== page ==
California’s amended social media addiction Bill clears first hurdle

Published: Updated:
Read Mode
100% Font Size
4 min read

A California bill seeking to hold social media companies legally responsible for addicting young users to their platforms advanced, clearing an initial hurdle after it was amended to allow lawsuits only by public prosecutors.

The legislation, which has drawn strong opposition from the tech industry, would prohibit companies such as Meta Platforms Inc., Snap Inc., TikTok Inc. and Google from designing social media to hook users younger than 18 years old and provides for penalties of up to $250,000 for each violation.

For the latest headlines, follow our Google News channel online or via the app.

Tuesday’s 8-0 vote by a Senate committee in the state capitol in Sacramento is just the first of several needed to get the measure on the desk of California Governor Gavin Newsom. As introduced in February by Nancy Skinner, a Democratic senator whose district is in Berkeley and Oakland, the bill would have let parents sue the companies within four years of alleged harms.

But Skinner agreed during Tuesday’s hearing to a revision that authorizes only the state’s attorney general and local district attorneys to file suits. A similar proposal died in the legislature last year amid fierce resistance from the industry.

The legislative action comes as parents and school districts have filed scores of lawsuits claiming social media is causing a mental health crisis among children and adolescents. The companies have said in response that they are offering more resources to keep children safe online, while also arguing that the lawsuits improperly seek to regulate content.

“We’ve developed more than 30 tools to support teens and families, including tools that let parents and teens work together to limit the amount of time teens spend on Instagram, and age verification technology that helps teens have age-appropriate experiences,” Meta said in statement.

SB 287 would build on existing privacy and software design laws to require companies to perform quarterly audits to guarantee their social media aren’t addicting kids. The bill penalizes companies for allowing underage users to buy controlled substances on their platforms, as well as when their content causes them to harm themselves or others, develop eating disorders, or when they offer information facilitating suicide, among other problems.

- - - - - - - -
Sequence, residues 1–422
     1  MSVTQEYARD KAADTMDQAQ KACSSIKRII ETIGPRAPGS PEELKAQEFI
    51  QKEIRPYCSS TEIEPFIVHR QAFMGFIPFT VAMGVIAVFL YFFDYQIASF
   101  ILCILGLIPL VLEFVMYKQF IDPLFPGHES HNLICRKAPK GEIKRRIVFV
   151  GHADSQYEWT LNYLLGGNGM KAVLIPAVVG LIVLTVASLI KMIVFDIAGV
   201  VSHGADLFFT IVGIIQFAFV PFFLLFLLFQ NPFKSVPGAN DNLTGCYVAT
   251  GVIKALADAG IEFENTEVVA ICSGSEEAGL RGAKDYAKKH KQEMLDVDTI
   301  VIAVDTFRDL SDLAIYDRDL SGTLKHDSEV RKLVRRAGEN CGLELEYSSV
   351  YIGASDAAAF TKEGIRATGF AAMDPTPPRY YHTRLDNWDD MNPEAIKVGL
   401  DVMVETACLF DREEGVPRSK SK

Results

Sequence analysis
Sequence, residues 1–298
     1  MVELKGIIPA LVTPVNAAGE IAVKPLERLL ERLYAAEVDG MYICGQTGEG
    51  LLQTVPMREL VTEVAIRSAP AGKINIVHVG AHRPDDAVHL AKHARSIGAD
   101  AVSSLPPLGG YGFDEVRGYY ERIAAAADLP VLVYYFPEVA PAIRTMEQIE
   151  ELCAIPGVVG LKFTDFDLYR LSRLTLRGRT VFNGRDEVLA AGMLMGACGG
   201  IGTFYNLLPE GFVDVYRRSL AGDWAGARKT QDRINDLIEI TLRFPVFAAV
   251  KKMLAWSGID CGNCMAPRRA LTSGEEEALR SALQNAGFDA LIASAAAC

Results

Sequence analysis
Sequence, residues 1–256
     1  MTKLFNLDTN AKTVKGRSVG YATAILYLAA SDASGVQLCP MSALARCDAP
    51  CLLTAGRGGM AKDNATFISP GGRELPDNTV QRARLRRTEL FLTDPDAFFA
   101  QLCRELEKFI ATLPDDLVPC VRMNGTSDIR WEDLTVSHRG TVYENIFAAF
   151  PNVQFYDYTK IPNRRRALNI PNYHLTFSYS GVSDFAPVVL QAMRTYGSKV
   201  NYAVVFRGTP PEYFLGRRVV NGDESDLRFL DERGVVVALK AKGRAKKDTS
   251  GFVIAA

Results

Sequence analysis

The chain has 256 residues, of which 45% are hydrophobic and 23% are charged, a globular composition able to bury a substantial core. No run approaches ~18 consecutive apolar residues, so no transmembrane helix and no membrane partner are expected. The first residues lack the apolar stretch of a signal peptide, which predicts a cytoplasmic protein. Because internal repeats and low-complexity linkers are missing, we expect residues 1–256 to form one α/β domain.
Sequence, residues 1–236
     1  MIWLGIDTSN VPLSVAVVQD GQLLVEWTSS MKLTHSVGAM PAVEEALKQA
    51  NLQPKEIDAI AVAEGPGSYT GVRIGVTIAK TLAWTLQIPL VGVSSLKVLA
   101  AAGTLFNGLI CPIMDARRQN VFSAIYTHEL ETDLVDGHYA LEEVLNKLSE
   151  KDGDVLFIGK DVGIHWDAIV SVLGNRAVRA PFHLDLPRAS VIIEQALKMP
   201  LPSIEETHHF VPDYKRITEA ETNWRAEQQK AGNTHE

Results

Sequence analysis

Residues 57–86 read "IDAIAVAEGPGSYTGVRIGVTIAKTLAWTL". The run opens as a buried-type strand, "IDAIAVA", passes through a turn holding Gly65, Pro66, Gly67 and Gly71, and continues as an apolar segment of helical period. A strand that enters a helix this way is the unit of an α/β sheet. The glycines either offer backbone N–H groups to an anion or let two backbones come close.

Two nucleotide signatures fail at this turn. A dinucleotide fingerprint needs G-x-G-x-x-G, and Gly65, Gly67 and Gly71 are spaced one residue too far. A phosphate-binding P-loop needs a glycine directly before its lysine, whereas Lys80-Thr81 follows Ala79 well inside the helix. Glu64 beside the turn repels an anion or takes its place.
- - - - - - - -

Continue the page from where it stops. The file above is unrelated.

Sophie Szew, a 20-year-old first-year student at Stanford University, testified in support of the bill, saying she suffered from an eating disorder as a teen after first downloading Instagram at her 10th birthday party. “Standing with me is a generation that knows all too well what it is to be to be harmed by a flawed system, she told the committee.

Carl Szabo, a professor of internet law and general counsel for NetChoice, a free enterprise advocacy group, criticized the measure over what he described as a misguided definition of addiction that would allow companies to be sued for online activity that “people enjoy doing.”

He also said he expects there will be constitutional challenges against “wild violations of the First Amendment” in Utah’s new social media laws, among the most aggressive in the nation, which require platforms to obtain parental consent before letting state residents under 18 use them, create overnight curfew rules and penalize companies if they employ designs or features that feed addiction.

Skinner acknowledged comments by fellow lawmakers that some language in the bill is too broad, though she said none of the opponents have offered specific amendments.

“The bill still has a long way to go, she said. “I’m very open to suggestions or improvement.

Read more: China warns of jail for social media posts deemed libel

Top Content Trending